I’m an empath – I’ll post about that another day – but suffice to say I feel everything. I feel pain sensitively and exquisitely, and sometimes that’s enough to tip me over the edge. This world is full of personal pain, and sometimes I wish I could dull my sense of discernment. Many of us will need to fine tune our senses and learn to cope with the pain the world throws at us. Coping methods are vital to our survival. In my previous article I point out coping strategies including: rubber bands, taking time out, breathing through, ride it out, distraction, know your triggers, remove yourself, be with people, and finding creative ways to release your emotion and stress. Talismans, totems, and stims can be part of this process and help you to overcome the urges when they hit.

But most importantly, know that you’re not alone, that there are people out there who understand and people who have taken time to learn and have compassion. These people will support and help you.  Find what you can to help you deal with self-injury, but maybe the most valuable thing will be talking to someone who understands, or who’s been there, someone who can help you understand and love yourself.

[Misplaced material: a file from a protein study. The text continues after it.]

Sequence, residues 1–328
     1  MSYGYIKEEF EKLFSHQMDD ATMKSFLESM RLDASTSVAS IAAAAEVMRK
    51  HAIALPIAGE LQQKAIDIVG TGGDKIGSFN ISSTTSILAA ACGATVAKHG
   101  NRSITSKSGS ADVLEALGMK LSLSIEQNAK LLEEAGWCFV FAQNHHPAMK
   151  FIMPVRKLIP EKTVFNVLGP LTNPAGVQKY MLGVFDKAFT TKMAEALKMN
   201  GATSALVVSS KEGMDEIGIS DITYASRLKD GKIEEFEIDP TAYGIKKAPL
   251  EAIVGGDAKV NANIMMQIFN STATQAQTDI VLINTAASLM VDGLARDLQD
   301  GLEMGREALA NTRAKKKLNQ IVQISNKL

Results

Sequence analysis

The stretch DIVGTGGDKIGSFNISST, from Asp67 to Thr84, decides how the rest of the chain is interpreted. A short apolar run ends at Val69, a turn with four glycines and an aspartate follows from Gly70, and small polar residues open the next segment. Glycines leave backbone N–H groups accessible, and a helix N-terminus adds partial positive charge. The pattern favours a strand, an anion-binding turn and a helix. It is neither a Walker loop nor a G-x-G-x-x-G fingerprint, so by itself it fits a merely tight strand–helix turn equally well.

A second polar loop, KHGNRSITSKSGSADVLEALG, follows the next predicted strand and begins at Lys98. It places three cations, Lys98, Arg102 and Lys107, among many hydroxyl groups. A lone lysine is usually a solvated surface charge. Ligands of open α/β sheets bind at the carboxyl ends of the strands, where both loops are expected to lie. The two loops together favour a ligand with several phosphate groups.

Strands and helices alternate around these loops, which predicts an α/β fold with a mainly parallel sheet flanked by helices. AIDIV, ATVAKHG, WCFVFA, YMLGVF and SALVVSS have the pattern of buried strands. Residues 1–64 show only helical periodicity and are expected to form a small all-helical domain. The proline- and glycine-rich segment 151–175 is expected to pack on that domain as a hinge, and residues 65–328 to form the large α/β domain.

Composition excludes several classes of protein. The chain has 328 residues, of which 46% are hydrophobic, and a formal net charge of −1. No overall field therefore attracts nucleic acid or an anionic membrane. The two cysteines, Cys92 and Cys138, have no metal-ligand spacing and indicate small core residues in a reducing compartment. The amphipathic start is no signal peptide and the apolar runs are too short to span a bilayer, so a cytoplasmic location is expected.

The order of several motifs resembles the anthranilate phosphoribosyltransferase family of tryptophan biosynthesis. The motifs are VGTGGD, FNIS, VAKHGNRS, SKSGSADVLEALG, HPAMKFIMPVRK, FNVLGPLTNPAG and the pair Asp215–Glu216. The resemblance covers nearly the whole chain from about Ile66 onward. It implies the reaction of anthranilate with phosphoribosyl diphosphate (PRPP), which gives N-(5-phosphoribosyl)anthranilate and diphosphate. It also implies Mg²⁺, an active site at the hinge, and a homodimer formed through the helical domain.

If you can, be that person.

How do you prevent self-destructive urges, or how do you cope with being overwhelmed?

Everyone’s experience is valuable and you may help someone
who needs to hear what you’ve been through.

If you need help, please see your GP, or at least check out some of the
great sites online that can help: NHS ChoicesThe SiteNSPCCHelp Guide

Beneath the Old Oak AD with SynopsisSelf-harm is part of my book ‘Beneath the Old Oak’ and an unedited NaNoWriMo snippet can be read here. To read more of Meg and her mother’s struggles ‘Beneath the Old Oak’ is available on Amazon and Etsy.

“Turn those dreams of escape into hope…”
Meg thinks her mother is broken. Is she broken too? Meg’s life spirals out of control and she’s terrified she’ll inherit her mother’s sins. Seeking refuge and escape she finds solace beneath a huge, old oak, but a devastating storm will change her life forever.

Misophonia – When Sounds Torment and Drive You Crazy

At twelve-years-old I thought I was going mad.
I couldn’t deal with small and quiet aural and visual stimuli.
It took many years to discover Misophonia is real and I wasn’t crazy.  

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Misophonia, often known as 4S or SSSS (Selective Sound Sensitivity Syndrome), is a very real and restrictive disorder for those who suffer and those close to them.